Grinding Your Own Flours and Using Whole Grains

I’m taking off this week for a quick trip to Mexico. This tutorial on grinding flours from
whole grains is written by Allison of Some the Wiser. Welcome, Allison!

It is such a good idea to grind your own flours. But as someone who once thought microwavable rice packets were a “good” meal (it was college, forgive me), I know it may seem like an unnecessary step. I can tell you, however, that it is well worth the small amount of extra effort it requires.

Although grinding whole grains into flour can sound daunting, it is really quite simple and very rewarding. Grinding your own flour opens new doors in the kitchen and will elevate all of your grain recipes to a new level of delicious.

grinding your own flour from whole grains

5 Reasons You Should Grind Your Own Flour from Whole Grains

  • Flavor: Freshly ground flour is lighter, more moist, and has a fresh nutty flavor that commercially milled flours lack.  The homemade breads, muffins, and pastries I make with freshly ground flours are always less dense and more flavorful.  Even freshly ground wheat tastes sweeter and lighter than its commercial counterpart.
  • Variety: The grain possibilities are endless when you grind your own flours!  Instead of just Wheat, alternative whole grains like Spelt and Triticale become more affordable and tasty options.
  • Availability: Grains like Kamut and Teff can be difficult to find in flour form, but it’s easy to grind your own. Even Popcorn kernels and Steel Cut Oats can be easily ground into flour and used in all your baking recipes.  It is fun to experiment and add new grains into favorite recipes for new flavors and textures.
  • Cost: Whole grains store well and can be bought in bulk.  Buying grains in bulk and grinding them as you need them saves money, especially when buying specialty grains.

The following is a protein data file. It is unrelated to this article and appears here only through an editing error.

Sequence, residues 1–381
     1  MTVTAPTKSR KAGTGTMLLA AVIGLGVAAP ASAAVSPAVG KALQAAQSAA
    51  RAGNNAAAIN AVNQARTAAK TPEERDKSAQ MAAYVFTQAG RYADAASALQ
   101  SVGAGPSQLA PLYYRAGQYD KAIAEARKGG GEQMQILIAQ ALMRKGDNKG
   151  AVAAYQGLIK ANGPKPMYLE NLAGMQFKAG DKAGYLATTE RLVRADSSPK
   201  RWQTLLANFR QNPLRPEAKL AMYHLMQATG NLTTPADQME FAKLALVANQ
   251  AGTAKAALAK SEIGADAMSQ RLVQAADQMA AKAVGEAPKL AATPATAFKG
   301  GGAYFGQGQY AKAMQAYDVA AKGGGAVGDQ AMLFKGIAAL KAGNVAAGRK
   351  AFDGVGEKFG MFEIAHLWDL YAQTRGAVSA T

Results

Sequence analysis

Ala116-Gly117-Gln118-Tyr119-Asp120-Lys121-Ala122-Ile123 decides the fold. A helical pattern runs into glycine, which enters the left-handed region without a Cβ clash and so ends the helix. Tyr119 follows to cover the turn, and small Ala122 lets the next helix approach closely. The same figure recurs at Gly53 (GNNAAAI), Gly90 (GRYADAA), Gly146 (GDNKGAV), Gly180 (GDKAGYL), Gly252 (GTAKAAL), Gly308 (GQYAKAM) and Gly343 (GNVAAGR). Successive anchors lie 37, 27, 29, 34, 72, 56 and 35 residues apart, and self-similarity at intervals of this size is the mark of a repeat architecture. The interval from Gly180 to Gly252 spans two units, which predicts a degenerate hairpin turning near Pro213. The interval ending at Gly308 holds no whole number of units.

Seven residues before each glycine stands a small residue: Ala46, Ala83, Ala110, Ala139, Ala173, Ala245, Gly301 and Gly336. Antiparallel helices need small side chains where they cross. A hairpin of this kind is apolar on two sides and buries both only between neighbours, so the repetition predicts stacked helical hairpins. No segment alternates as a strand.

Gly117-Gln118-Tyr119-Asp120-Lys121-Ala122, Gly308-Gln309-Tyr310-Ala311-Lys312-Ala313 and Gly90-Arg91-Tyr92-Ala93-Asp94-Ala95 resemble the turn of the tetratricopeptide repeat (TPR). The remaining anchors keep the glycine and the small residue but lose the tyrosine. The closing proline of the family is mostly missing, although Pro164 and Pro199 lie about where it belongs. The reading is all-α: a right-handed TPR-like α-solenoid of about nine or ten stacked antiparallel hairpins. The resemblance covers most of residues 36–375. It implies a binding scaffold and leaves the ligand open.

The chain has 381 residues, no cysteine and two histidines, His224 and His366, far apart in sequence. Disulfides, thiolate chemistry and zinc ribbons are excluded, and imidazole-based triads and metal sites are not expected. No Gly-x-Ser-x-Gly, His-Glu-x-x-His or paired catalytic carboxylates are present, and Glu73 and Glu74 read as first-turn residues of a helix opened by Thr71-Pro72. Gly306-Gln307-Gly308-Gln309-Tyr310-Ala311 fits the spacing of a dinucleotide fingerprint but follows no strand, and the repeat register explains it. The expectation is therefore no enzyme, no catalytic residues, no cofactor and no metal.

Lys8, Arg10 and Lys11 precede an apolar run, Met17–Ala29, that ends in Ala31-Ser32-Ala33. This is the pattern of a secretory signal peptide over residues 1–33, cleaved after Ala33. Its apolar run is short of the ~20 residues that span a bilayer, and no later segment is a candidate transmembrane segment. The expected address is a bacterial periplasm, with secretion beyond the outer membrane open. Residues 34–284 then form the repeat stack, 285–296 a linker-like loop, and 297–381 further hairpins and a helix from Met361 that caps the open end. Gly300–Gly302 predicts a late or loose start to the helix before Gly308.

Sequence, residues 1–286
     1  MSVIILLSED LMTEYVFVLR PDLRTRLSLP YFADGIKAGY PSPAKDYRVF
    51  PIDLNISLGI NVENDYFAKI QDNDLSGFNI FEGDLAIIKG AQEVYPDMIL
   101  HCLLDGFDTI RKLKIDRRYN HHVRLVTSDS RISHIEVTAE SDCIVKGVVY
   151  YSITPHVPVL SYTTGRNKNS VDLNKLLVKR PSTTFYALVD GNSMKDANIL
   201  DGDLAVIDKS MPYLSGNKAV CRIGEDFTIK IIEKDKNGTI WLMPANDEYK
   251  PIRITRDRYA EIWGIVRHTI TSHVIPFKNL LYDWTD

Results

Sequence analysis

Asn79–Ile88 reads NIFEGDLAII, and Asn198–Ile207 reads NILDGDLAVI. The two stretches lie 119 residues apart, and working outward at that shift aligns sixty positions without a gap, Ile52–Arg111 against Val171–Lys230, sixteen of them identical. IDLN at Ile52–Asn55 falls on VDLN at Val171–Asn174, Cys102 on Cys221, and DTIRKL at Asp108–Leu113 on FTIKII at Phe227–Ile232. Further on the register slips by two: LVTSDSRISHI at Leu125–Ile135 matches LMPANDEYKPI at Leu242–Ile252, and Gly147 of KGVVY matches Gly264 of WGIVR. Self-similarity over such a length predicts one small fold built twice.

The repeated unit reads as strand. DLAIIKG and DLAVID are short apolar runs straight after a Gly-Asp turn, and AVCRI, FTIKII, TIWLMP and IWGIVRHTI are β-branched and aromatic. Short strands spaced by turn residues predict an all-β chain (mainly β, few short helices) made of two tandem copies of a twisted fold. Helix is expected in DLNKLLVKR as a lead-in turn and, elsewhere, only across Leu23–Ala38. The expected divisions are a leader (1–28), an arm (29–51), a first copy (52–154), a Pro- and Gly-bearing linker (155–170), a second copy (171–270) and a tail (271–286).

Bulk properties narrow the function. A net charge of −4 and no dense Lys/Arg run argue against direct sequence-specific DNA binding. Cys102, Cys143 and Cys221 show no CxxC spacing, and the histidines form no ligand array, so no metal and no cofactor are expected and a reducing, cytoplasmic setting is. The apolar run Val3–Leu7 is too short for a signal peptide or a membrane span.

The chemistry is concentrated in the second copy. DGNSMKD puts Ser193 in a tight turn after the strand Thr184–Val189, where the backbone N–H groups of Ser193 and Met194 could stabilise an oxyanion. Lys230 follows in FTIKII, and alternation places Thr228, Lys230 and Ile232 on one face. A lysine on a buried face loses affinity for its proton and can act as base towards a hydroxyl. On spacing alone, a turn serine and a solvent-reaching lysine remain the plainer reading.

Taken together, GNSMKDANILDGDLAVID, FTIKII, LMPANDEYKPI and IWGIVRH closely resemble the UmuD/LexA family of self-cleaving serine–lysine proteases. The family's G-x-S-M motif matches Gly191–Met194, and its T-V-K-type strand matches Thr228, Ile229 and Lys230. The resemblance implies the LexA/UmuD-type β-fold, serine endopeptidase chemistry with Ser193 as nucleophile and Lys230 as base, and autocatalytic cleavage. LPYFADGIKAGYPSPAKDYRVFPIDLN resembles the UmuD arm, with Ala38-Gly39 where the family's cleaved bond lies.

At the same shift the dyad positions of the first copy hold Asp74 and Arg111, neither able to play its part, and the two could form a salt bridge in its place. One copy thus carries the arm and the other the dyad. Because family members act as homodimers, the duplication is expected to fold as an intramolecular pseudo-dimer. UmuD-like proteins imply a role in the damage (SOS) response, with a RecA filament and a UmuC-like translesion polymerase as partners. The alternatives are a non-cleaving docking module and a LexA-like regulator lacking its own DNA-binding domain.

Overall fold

• Nutrition: To extend their shelf life, commercially milled flours have the germ removed.  The germ is the part of the grain that contains all the nutritious oils, vitamins (B and E), and minerals.  When you grind your own fresh flours, you use the germ and bran and can reap all the taste and health benefits that they offer.

grinding your own flour from whole grains

How to Grind Your Own Flour from Whole Grains:

Grinding your own flour is as simple as purchasing a grain mill.   With a good electric grain mill in your kitchen, grinding flour from whole grains takes just minutes.

There are a number of high quality grain mills on the market to choose from (see the Good Life Eat’s review of the Nutrimill here).  The most important thing when purchasing a grain mill is to pick one that is tough, preferably one with a good long warranty.

A Few Whole Grain + Grinding Tips:

  • Grind only what you can use. Once a grain has been ground into flour it begins to lose its nutritional value very quickly.  If you do grind a little extra, store it in a tightly sealed container in the freezer and use within a few days time.
  • Whole grains store well and for long amounts of time. To keep it free of bugs, store it in a tightly sealed container in a cool dark place.  You can place a few bay leaves in with the grain to help repel bugs naturally.  When buying grains in bulk, 50 lb food grade buckets work well for long term storage.

grinding your own flour from whole grains

Recipes Using Whole Grain Flours

Have you tried grinding your own flours?  What are some of your favorite whole grains?

by Allison Ruth

Allison Ruth is mama to three hungry girls. She blogs at Some the Wiser where she takes life as it comes and tries to learn a little something as she goes. Whether she’s baking bread, sewing, or contemplating the fate of socks gone missing in the laundry, she looks for the peace and creativity life offers to everyone who is paying attention. Living life deliberately isn’t easy, she admits, but it helps when you have good things to eat. You can also find her at Allison Ruth Photography.